This section includes book bindings, boxes, jewelry, a medallion, seals, signet rings and amulets, a bowl, and a mortar. Some of them are gifts marking special occasions. Book bindings, such as the one inscribed with the initials of a bridal couple and their family emblems, were widely used in 18th-century Italy to encase daily, Sabbath and festival prayer books.
The Esther scroll folded in a miniature silver book cover is unusual (cat. no. 189). Among the printed books is a special, small prayer book from 1729, printed for "the poor youth of Amsterdam, who cannot read the tiny un-vowelled printed letters in the prayer books (cat. no. 245).
A 17th-century book binding from Augsburg in Germany was presented to a congregant after he delivered a sermon. The letters of the Hebrew word "Bible" are intertwined in the spine pattern of silver lacework (cat. no. 247).
Another book binding, by a Polish-Jewish artist, depicts the Binding of Isaac. The ornately lettered Hebrew inscription in niello, at the center, was damaged by a duty stamp (cat. no. 248).
An elaborate leather book cover is adorned with a silver plaque depicting the Binding of Isaac, and graced by a dedication inscription tooled in gold letters on red parchment. On its reverse side, inscriptions honoring the bridal couple are surrounded by vignettes of a marriage ceremony, a double-headed eagle, enamel decoration, and inscriptions in honor of the marriage (cat. no. 249).
Among the wedding gifts are two lavishly decorated boxes, probably for jewelry. The first (cat. no. 250), from Germany, 1540, was created more than 400 years before the second (cat. no. 251), from New York, U.S.A., 1958. The German box, in the fashion of its day, is decorated with hunting scenes and inscribed with the Hebrew date and biblical verses from the liturgical Hebrew poem "A Woman of Valor (Eshet Hayil)". All panels of the golden American box are decorated with illustrations showing marriage scenes, and inscriptions with a humoristic, gently mocking flavor. It was created by llya Schor, the modern master silversmith who is represented in the collection by two other pieces: a ring (cat. no. 252) with motifs relating to the End of Days, and a brooch (cat. no. 253) showing Moses before the burning bush and smiting the rock.
A medal commemorating Moses Mendelsohn, designed by German-Jewish artist Abraham Abramson in 1774, is of both historical and artistic value (cat. no. 255). Among the seals, the triangular seal of Shlomo Hirschel, the Chief Rabbi of London in the early 19th century, is framed and suspended from a braided gold chain (cat. no. 254). Plain and signet rings are in the local styles of their period (cat. nos. 258-262).
Amulets are an ancient device for protection against evil. In Judaism, they are inscribed with formulas derived from the Ineffable Names of God, angels and incantations, written in full or abbreviated form. Metal amulets often take the form of jewelry – some of them, and particularly those from Muslim countries, reflect the styles of their lands of origin. The majority of the amulets in the collection are jewels. The amulet from 16th-century Italy (cat. no. 263) is made of cast and gilt bronze (ormolu) – this one-of-a-kind amulet was apparently made by a Renaissance artist.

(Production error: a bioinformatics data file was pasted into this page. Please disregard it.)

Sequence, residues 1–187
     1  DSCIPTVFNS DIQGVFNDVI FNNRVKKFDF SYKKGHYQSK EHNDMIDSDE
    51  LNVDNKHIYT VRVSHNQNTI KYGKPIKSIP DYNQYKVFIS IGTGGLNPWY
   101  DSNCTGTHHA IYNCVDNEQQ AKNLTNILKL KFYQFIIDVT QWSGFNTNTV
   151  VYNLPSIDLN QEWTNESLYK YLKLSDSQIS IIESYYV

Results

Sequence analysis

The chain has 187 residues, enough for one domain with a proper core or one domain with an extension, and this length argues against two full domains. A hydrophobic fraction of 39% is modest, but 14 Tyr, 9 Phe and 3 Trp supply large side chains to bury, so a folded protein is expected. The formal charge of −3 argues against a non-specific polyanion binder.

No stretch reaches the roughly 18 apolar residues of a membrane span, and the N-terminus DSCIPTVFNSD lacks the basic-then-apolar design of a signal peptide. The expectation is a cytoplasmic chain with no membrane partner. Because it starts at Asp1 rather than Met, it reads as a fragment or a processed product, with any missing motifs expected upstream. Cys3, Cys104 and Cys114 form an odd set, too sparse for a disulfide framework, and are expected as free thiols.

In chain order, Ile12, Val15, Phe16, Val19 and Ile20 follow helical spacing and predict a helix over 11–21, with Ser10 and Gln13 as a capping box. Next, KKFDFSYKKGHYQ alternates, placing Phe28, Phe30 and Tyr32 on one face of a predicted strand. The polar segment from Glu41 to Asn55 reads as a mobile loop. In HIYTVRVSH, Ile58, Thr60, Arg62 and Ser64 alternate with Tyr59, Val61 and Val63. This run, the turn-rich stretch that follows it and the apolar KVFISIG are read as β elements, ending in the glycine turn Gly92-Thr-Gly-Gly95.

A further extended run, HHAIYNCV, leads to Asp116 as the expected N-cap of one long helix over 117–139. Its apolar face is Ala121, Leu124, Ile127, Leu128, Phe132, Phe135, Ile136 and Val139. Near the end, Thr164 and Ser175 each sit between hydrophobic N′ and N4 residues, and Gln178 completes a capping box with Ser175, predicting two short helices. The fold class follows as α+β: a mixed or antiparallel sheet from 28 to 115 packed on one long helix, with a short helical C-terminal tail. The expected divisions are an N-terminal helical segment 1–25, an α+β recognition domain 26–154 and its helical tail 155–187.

Amulet cases are often amulets in their own right. Silver cases made in Italy at the beginning of the 18th century (cat. nos. 264-266) were usually designed and decorated in a style that resembled Italian Torah ornaments and book bindings of the same period.
With the exception of Italy, few metal amulets come from European countries, in comparison with Eastern and Islamic areas. An amulet from Europe (cat. no. 270) bears an inscription in Hebrew with a magical formula based on practical Kabbala tradition. Persian jewel amulets bear identical or slightly varied inscriptions. A common motif in Persian amulets is the shiviti or menorah amulet, featuring the seven-branched candelabrum engraved with letters from Psalms 67 (cat. no. 267). Angels' names decorated a silver amulet in niello (cat. no. 275). Variants of the Ineffable Name are engraved on a blue glass amulet (cat. no. 269), the inscribed belt buckle form (cat. no. 277), and a leaf-shaped golden amulet, set with and semi precious stones (cat. no. 278).
A unique amulet case of its type from Serbia (Ottoman Empire) is designed in the local style and recalls the metalwork of Torah ornaments made by Jewish silversmiths in Turkey (cat. no. 273).
Damascene work is represented by an amulet box (cat. no. 274) decorated with Hebrew inscriptions. A gold jewel amulet from Djerba inTunisia made for a woman has the abbreviated Hebrew letters: sameh and tet (a good sign) interwoven with its wire work pattern (cat. no. 276).
A bronze bowl and a bronze mortar from the late 16th century or early 17th century bear signatures of two molders, whose names suggest a Jewish origin. The first is Giuseppe de Levis from Verona. His name, as the molder, and the name of the city are cast on the side panel of a bowl designed and decorated in the style of the period. A medallion set at the base of the bowl depicts the scene "The Sea Monster" ("Das Meerwunder") from the known engraving of German Renaissance master Albercht Dürer (cat. no. 280). The second molder, Servius de Levis, is also of Verona. His name appears on a mortar (likely used for preparing medicine) decorated with the seven branch menorah and Hebrew letters (cat. no. 279). These two molders were most likely associated with the cast Italian Hanukkah lamps of the same period (cat. no. 124-5).